Tag Archives: Good Friday

Of Mr. Milewski, Pizza, and a Laden Cross

30 Mar

There are two memories I associate with Steven Milewski, my childhood chum. One is his dad, a taciturn man who worked the night shift and was rarely around when I was over at Steven’s house. Sometimes on the weekend, I’d be present when the man arrived home midmorning, bedraggled, weary, downcast. There’d be brief nods and greetings, and then a barely discernible shift in household atmosphere as the blue-collar warrior trudged upstairs for his daytime repose. Steven and I would keep playing army men or whatever, but we’d do it quieter, much quieter. No more grenades and explosions. No more total war on the hardwood floor.

Then, one night, and I’m not sure the occasion, Mr. Milewski took me and Steven out for pizza. It was the first time I remember indulging in that glorious riot of cheese and grease and meat – an epicurean epiphany. The setting was ideal: A local Jersey joint down by the Raritan, complete with red-checkered tablecloths, poor lighting, and boppy music on the jukebox. We ordered root beer – a treat! – but I had to be instructed in how to pick up the slices with my hands.

That first bite, that first bite! It burned the roof of my mouth, but the mingling of flavors and the Zenlike texture of yielding toppings on crunchy crust were well worth it. Maybe Mr. Milewski smiled when he saw my reaction, but probably not. Regardless, I now think back with great appreciation that this hardworking family man gave up a precious night off to treat his son, and I’m so grateful that I got to tag along. Offering hospitality as a shift worker is always challenging; receiving such is always an honor.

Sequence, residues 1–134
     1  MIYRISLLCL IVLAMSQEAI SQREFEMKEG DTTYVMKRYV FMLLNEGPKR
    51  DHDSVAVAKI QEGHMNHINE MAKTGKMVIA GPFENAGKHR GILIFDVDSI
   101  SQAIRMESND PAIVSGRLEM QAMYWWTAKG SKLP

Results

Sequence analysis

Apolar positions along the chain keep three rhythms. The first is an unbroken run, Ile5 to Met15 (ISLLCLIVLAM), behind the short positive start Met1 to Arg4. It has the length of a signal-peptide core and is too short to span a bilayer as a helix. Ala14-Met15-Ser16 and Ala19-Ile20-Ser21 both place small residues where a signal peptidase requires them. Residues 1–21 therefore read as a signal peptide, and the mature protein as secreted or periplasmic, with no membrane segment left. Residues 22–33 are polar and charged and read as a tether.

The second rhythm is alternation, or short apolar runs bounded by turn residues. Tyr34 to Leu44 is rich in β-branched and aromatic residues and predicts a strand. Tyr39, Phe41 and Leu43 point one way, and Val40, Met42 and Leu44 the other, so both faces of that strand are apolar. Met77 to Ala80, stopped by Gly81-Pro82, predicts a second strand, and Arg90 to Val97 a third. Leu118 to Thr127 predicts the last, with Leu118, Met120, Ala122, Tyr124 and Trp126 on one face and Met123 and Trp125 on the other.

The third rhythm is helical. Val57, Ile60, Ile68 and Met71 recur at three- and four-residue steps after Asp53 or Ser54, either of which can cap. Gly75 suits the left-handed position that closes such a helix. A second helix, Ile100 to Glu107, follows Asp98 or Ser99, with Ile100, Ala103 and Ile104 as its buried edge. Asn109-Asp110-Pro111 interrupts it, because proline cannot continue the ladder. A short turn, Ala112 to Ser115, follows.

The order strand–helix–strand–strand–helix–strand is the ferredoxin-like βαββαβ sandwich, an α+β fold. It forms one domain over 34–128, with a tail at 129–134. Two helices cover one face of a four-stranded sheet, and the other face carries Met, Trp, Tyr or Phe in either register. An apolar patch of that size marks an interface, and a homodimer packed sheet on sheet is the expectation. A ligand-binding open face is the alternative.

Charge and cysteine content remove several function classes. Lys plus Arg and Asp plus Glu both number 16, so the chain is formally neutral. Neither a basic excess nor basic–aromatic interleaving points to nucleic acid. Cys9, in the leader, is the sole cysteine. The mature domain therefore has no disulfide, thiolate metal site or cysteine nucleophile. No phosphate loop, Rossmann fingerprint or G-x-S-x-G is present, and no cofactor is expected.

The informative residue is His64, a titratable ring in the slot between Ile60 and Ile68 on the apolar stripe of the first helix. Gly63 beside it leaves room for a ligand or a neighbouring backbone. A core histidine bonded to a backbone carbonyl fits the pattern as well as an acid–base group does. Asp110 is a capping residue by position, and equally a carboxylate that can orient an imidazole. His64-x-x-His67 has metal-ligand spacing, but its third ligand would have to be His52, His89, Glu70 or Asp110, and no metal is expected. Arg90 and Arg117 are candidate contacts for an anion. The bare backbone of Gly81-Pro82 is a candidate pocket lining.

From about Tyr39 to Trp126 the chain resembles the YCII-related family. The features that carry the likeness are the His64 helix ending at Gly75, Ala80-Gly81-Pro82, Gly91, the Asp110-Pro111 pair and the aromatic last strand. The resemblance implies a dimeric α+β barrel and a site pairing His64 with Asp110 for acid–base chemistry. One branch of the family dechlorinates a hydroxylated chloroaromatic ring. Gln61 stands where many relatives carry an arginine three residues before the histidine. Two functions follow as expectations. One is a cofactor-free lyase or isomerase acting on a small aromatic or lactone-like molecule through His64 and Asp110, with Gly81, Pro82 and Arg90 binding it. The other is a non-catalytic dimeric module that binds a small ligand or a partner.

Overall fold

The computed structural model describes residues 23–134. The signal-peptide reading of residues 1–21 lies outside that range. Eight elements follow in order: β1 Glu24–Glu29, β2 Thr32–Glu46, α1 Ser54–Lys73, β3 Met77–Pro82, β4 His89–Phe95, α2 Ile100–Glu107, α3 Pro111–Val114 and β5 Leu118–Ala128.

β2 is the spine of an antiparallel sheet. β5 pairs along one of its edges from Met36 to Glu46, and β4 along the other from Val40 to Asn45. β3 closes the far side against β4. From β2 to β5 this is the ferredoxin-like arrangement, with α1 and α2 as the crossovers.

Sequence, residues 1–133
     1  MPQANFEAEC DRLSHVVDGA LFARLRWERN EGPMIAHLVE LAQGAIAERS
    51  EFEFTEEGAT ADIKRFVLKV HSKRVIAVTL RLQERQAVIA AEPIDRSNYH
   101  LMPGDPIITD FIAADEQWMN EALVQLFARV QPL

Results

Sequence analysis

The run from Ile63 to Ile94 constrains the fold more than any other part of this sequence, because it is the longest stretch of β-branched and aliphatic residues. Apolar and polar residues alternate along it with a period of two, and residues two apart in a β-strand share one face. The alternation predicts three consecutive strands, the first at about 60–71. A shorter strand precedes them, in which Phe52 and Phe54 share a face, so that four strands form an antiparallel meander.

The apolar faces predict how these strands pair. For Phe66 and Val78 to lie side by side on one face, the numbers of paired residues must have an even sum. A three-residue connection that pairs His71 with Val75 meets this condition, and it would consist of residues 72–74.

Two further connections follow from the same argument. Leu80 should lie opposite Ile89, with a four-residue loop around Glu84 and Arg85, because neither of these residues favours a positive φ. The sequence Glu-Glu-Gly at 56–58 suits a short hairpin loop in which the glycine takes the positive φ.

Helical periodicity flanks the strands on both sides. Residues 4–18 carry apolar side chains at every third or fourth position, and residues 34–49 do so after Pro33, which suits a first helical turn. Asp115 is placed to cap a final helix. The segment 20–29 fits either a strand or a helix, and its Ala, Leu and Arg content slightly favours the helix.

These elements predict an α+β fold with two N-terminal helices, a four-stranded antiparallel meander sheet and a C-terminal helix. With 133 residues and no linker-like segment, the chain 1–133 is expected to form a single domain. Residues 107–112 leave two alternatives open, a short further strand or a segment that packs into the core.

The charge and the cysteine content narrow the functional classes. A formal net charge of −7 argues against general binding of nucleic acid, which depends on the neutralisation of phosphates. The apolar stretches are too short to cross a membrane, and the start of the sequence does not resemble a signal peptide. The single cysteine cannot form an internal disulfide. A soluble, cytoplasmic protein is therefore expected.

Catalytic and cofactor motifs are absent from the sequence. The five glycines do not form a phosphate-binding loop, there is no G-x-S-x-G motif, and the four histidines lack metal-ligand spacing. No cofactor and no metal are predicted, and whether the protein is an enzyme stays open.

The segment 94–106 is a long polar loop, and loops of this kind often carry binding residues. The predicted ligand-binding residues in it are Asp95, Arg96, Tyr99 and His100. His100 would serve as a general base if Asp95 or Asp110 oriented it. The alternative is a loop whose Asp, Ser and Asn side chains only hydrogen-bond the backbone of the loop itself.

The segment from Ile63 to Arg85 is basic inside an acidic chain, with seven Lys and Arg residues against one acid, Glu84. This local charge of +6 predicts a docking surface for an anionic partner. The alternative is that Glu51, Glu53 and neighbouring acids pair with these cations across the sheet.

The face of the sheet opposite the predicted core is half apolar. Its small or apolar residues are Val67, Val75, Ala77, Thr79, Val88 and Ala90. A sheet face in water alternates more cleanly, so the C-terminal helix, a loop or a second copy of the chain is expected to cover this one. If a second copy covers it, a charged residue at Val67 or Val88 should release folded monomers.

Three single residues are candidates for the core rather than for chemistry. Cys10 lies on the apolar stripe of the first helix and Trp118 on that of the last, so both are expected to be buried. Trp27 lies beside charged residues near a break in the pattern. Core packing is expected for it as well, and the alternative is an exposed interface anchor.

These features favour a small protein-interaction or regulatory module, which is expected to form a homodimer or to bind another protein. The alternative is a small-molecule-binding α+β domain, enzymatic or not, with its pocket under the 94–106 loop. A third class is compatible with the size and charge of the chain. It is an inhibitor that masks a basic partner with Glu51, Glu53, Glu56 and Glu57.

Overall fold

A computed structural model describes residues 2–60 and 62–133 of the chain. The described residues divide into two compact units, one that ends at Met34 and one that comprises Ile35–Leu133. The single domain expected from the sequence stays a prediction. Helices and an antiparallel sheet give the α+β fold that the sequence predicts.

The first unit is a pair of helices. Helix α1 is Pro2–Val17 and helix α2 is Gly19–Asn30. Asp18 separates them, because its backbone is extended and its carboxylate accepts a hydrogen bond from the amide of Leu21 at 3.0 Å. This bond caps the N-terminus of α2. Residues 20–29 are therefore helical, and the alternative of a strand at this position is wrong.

My second Milewski memory is the big wooden crucifix that hung in the main entry way of Steven’s house. Although I usually came in through the rear door since our backyards abutted, I’d still pass by the crucifix as I followed Steven up to his room. It was scary, to tell the truth, something utterly foreign in my staid, unadorned Presbyterian experience – much more foreign than pizza. At some point, I got up the courage to look at it more closely: The wooden Jesus, I could see, was actually nailed to the wooden cross. It wasn’t a one-piece molded affair – like the crucifixes on our plastic rosaries. No, this was an actual man affixed to an actual gibbet. I could see the three little tacks. “Why do you have Jesus on your cross?” I remember asking Steven later in his room. He shrugged – he didn’t know. He was Polish and Catholic and that’s just what they did.

Steven might not have been equipped to properly catechize his Protestant neighbor, but the image and implications of his family’s entry-way crucifix have stayed with me ever since. Now that I’m a Catholic myself, I’m particularly cognizant of those nails – the fact that the suffering Savior could’ve been pried free of his torture; that the corpus could’ve been removed to reveal a less disturbing empty cross. But empty crosses are not enough for us. “We preach Christ crucified,” Paul wrote to the Corinthians. It’s a baseline that all Christians must embrace, as Baptist preacher Charles Spurgeon insisted: “So Paul…put his foot down, and said, in effect, ‘Whatever others may do, we preach Christ crucified; we dare not, we cannot, and we will not alter the great subject matter of our preaching, Jesus Christ, and him crucified.’”

It’s what the Milewskis silently preached with their family crucifix. It’s what my family now preaches with ours. It’s what you preach with yours. And we pray for the grace to practice what we preach.
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Discovering Good Friday on Queen Anne Hill

14 Apr

“God has died in the flesh, and the underworld has trembled.”
~ from an ancient homily for Holy Saturday

Read more…

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